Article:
Abstract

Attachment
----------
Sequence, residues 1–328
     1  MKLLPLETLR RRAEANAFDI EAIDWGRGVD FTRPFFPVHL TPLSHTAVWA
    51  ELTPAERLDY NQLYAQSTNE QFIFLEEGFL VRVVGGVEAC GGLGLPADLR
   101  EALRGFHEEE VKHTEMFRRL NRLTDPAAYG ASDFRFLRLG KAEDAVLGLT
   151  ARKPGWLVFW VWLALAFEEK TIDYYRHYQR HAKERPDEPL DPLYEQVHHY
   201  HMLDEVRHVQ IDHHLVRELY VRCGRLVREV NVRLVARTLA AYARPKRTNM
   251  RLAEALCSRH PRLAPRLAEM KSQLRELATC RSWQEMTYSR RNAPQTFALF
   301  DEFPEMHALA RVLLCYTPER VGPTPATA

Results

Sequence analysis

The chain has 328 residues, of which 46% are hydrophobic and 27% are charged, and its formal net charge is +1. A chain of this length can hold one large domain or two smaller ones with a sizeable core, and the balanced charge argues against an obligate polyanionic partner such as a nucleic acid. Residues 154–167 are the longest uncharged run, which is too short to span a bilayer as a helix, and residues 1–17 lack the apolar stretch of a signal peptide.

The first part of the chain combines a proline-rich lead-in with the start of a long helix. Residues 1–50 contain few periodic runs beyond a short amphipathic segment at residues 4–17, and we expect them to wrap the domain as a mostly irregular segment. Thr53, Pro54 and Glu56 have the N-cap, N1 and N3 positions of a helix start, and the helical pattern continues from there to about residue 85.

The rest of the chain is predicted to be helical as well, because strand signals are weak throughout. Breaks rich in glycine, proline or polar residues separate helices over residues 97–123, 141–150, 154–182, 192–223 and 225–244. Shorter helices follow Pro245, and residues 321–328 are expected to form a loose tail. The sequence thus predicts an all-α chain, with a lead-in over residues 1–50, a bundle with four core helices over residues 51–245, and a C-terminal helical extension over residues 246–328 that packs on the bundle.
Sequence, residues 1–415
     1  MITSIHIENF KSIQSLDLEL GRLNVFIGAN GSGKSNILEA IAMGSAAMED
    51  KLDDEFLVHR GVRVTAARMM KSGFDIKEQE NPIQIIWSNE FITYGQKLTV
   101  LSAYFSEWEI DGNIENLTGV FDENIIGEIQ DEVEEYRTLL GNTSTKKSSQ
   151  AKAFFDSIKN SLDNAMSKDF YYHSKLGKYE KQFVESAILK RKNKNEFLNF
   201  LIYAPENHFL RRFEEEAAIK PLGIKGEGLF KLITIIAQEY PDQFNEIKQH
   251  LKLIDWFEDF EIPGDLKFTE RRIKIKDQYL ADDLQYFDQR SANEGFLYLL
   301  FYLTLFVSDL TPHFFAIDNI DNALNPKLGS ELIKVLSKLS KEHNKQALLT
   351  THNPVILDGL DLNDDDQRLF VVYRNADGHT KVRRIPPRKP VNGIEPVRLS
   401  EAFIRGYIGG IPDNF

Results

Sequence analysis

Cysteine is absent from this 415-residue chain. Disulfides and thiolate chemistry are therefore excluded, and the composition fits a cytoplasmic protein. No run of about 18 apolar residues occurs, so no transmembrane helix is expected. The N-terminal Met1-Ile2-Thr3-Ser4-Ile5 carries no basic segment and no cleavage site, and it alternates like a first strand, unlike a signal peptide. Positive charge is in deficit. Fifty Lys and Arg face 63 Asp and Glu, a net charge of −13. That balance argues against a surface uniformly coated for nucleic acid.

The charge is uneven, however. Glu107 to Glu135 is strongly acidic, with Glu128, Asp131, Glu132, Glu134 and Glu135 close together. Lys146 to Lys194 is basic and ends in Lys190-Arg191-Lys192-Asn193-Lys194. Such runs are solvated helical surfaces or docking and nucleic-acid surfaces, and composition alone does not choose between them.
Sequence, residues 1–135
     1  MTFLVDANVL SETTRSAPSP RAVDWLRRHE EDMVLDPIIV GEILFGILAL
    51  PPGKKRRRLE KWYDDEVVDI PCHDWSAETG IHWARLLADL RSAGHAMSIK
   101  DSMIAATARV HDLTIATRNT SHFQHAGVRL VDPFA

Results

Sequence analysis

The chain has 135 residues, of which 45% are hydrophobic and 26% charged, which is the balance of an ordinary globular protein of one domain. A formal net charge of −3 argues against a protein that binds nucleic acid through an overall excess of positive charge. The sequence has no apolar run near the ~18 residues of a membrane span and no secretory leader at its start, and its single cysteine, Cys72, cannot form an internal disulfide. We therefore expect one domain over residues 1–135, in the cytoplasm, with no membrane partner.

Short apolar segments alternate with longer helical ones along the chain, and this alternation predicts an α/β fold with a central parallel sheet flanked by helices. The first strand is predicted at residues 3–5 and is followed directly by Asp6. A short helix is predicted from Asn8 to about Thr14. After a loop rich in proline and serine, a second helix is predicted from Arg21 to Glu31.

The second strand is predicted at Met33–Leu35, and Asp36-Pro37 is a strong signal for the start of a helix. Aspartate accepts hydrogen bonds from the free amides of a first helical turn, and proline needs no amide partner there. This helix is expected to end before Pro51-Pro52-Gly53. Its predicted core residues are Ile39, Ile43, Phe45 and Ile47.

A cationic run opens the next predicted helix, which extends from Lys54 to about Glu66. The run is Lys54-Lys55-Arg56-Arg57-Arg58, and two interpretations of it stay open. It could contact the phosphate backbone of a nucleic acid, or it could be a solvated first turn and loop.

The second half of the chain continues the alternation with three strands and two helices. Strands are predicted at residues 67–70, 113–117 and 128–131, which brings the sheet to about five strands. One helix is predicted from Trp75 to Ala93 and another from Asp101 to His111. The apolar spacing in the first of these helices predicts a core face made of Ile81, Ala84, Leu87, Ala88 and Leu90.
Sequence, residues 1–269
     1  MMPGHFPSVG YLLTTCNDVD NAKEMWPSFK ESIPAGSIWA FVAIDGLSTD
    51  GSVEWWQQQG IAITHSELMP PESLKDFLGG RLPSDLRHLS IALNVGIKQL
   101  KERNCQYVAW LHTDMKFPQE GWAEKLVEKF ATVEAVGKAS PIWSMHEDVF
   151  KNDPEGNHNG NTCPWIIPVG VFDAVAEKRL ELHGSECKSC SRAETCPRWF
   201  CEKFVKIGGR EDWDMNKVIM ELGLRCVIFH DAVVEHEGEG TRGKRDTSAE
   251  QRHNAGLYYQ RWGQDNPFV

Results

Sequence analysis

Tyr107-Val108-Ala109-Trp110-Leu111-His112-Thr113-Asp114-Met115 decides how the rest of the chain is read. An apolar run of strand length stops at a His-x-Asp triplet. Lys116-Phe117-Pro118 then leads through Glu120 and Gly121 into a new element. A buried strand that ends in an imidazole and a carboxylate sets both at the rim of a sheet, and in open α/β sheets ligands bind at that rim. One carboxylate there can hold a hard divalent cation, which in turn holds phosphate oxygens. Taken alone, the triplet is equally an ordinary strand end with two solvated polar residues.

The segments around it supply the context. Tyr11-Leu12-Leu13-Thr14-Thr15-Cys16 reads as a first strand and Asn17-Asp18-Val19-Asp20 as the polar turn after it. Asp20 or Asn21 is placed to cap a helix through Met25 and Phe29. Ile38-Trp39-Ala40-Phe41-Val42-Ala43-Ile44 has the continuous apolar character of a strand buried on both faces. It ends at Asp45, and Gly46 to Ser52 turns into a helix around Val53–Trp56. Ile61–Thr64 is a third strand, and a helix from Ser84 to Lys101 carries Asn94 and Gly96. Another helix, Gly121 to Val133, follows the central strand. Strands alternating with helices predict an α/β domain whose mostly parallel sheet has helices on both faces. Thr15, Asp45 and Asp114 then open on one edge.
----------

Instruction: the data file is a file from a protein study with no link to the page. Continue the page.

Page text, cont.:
The timing and quantity of fresh water flowing into the Rookery Bay National Estuarine Research Reserve, southwest Florida, have been altered by channelization of natural watershed sheetflow and increases in freshwater storage for aquifer recharge and irrigation. As part of the ongoing Everglades Restoration Initiative, the Southern Golden Gate Estates (SGGE) Restoration and Henderson Creek Freshwater Inflow Restoration Projects are opportunities to re-establish watershed sheetflow and restore the natural timing and quantity of fresh water flowing into the Reserve's estuaries. For 3 years, data loggers have been used to record water quality at continuous half-hour intervals, and Hester-Dendy artificial substrates have been used to sample oyster reef crab populations each month in four estuaries managed by the Reserve. These four estuaries differ in their seasonal and annual salinity patterns because of varying degrees of anthropogenically altered freshwater inflow. Our observations indicate that the relative abundances of the euryhaline (Eurypanopeus depressus) and stenohaline (Petrolisthes armatus) crab populations provide a useful biological performance measure to guide freshwater inflow restoration projects. This manuscript examines this metric as applied to the SGGE and Henderson Creek Freshwater Inflow Restoration Projects.

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